I thought it would be helpful to set out clearly the rationale behind Watford Borough Council’s new waste and recycling service, which launches in July this year.

We firmly believe we must do all we can to combat the global threat of climate change. This is why we declared climate change emergency last year with the ambition of the town becoming carbon neutral by 2030. However, this commitment cannot just be empty words. It must be followed by action and offering our residents more opportunities to recycle is critical to this. We know from regular analysis that around 60 per cent of the household waste Watford throws away every week could be recycled and 30 per cent of the contents of the black bin is currently food. This isn’t good enough. This is why we are retaining the weekly blue-lidded bin collection, which takes a significant amount of people’s waste and, from July, introducing a separate food waste collection. This means that Watford residents will still have the majority of what they are throwing away collected every week. This is not the case for many local authority areas. Separate food waste collections can be sent to specialist facilities that can turn it into renewable energy that powers homes and businesses, which can’t happen when it is combined with other types of household rubbish. By enhancing weekly recycling, and changing the collection of the black bin to fortnightly, we are making the recycling bins the bins of choice, and this is right if we are to meet the challenges of climate change.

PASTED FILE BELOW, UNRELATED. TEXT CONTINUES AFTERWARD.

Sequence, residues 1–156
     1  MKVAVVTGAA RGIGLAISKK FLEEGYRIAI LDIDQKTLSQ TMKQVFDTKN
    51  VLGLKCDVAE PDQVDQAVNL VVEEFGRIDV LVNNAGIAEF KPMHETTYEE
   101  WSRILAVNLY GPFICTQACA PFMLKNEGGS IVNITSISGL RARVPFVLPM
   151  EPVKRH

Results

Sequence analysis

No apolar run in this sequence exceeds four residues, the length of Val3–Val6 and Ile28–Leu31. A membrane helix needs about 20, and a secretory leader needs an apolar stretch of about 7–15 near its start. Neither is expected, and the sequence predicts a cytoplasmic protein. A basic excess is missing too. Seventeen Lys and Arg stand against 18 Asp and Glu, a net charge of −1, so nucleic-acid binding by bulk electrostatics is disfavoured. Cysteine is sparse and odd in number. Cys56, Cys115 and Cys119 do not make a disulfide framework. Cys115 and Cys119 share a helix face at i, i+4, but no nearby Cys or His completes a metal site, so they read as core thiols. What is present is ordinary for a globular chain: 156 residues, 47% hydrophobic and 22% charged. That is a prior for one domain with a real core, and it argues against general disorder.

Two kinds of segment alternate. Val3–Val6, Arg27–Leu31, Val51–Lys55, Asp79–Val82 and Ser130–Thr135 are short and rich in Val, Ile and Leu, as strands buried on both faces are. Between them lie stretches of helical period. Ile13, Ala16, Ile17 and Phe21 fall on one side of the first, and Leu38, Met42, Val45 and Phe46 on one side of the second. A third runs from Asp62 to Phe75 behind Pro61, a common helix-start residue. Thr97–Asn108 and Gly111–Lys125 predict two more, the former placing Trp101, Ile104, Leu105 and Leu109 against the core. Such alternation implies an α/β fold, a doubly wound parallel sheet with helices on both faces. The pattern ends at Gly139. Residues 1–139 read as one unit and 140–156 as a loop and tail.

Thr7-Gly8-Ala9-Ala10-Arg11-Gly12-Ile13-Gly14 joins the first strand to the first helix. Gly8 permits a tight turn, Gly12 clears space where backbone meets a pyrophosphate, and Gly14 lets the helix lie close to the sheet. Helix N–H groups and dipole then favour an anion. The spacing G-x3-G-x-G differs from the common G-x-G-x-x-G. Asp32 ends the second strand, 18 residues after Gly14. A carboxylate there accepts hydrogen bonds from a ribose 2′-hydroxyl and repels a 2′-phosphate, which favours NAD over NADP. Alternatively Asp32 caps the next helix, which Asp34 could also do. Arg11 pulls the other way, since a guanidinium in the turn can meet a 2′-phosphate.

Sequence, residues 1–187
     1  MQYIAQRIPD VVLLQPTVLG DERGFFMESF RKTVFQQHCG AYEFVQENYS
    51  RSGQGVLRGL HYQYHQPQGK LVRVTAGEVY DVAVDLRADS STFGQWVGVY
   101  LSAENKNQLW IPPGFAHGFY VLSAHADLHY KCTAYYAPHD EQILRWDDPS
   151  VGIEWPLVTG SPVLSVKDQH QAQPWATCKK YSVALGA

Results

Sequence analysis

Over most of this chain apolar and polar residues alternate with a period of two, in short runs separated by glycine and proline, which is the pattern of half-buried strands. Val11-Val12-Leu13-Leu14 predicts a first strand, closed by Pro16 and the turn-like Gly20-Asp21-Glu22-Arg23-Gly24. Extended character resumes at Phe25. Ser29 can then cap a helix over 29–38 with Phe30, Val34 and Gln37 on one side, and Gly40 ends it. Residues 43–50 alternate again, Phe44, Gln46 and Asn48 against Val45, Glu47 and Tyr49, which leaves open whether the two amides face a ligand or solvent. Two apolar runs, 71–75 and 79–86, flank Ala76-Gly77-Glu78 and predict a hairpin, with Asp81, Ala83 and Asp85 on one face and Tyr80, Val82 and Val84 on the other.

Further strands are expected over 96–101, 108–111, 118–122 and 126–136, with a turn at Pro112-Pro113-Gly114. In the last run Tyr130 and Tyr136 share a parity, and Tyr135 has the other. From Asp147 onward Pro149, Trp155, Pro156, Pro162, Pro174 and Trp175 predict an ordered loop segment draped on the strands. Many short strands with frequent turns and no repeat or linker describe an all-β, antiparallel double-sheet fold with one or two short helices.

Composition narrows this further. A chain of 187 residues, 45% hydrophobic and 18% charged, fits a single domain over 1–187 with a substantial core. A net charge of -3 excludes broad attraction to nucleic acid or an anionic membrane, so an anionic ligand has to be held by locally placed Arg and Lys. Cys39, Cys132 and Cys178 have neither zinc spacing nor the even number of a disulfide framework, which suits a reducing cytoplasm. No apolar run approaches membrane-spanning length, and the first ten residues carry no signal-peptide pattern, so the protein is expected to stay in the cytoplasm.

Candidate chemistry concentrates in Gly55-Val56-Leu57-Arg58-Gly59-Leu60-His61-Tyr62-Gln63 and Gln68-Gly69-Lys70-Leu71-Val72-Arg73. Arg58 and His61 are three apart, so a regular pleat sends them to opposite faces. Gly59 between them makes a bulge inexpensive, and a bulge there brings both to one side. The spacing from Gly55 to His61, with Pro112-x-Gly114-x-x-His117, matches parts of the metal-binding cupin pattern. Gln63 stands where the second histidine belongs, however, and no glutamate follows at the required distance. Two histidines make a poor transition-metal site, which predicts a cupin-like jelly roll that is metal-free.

Collecting household waste is a legal duty for councils. This is not the case for garden waste and some councils do not offer this service at all. Among the councils who collect garden waste, over two thirds of councils now charge for this. We recognise that many people have come to value the garden waste collection and so we want to continue to provide it to those who use it. At the same time, we have had to face the harsh reality of a 70 per cent reduction in our government funding since 2010 (£4 million per year). We have to look for a different way to help cover the cost. The charge itself breaks down to £1.53, which seems to be great value in my mind.

There is no doubt that this has been a difficult decision to make. Some 75 per cent of councils have made the same decision, including Three Rivers District Council whose residents are achieving the third highest recycling rate in the country. We will still be offering a first class waste collection service for our town while improving our recycling rates.

Councillor Tim Williams

Portfolio Holder for Client Services